That puts the onus on the government to provide more fiscal stimulus to pick up the slack. This means more spending, and the responsibility for making that happen falls on Congress and the White House.
Given the depth of the current recession, the ultimate solution may involve a long-term federal spending program rather than the series of stop-gap, emergency handouts the government has used to respond to the coronavirus.
Naturally, a long-term program is unlikely to be initiated until the election outcome is known - and even then it may be delayed while new officeholders wait to take their places.
In other words, don't expect a quick fix to the economy. Today's interest rates are exceptionally low, but that might be the new normal for the foreseeable future.
Consumers: It's Up to You to Raise Interest Rates
A combination of extreme economic conditions and the limited policy options the Fed left itself mean that it may be a long time before interest rates rise again.
If you've been seeing your deposit accounts earn less and less as a result, does that mean you have no choice but to sit back and accept earning less interest?
For most consumers, the answer is no. Unlike the Fed, you do have some options for raising interest rates.
Here are four ways you may be able to earn more interest, even in an extended low-interest-rate environment.
- Shop around for better rates
- Bigger isn't better when it comes to rates
The reason most consumers still have a chance to find better rates is that the largest banks, which have the most customers, generally offer rates that are well below average. If you are with a large, national bank, this might be a good time to switch rather than accept next to nothing in interest.
- Watch out for bank fees
With interest rates low, it's especially important to be wary of bank fees. Otherwise, your relationship with your bank could be costing you rather than making you money.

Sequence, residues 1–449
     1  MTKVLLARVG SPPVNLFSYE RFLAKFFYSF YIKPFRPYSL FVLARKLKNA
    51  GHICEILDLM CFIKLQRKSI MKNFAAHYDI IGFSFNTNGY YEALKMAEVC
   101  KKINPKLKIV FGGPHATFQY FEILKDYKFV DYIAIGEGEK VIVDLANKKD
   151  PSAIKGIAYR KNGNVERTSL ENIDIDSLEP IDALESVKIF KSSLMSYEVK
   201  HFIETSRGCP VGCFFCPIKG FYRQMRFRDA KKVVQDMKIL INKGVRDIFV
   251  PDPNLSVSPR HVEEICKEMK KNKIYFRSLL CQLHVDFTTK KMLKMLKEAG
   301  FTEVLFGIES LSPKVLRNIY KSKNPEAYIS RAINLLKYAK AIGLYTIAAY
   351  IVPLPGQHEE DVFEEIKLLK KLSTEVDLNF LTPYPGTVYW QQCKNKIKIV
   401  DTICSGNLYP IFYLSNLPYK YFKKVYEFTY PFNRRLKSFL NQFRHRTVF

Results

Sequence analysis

Most checking accounts charge regular maintenance fees and an increasing number of savings accounts have them as well, but they can be avoided.
- Go online to find higher rates
The most recent MoneyRates.com America's Best Rates Survey found that the average online savings account rate was 12 times the average rate from traditional, branch-based savings accounts. With people doing more and more business from home due to pandemic restrictions, this might be an ideal time to change how you bank and earn more as a result.
Because the Fed has little room to move, don't expect a dramatic rate policy change to come out of next week's Fed meeting. If you want to do something about low interest rates, you need to do it yourself.
Previous Federal Reserve Board Updates articles:
|FOMC Date||2020 FOMC Meeting Update Articles|
|09/09/2020||Fed Meeting Preview: Loosening the Reins on Inflation|
|07/23/2020||Next Federal Reserve Meeting: Consumers Have More Options Than the Fed|
|06/04/2020||Will the Next Fed Meeting Lead to Negative Interest Rates?|
|04/23/2020||The Federal Reserve in Crisis: What's Next?|
|03/12/2020||Next Fed Meeting Won't Solve Global Economic Crisis, But Here's What Consumers Can Do|
|01/22/2020||January 2020 Fed Meeting - More Than Meets the Eye?|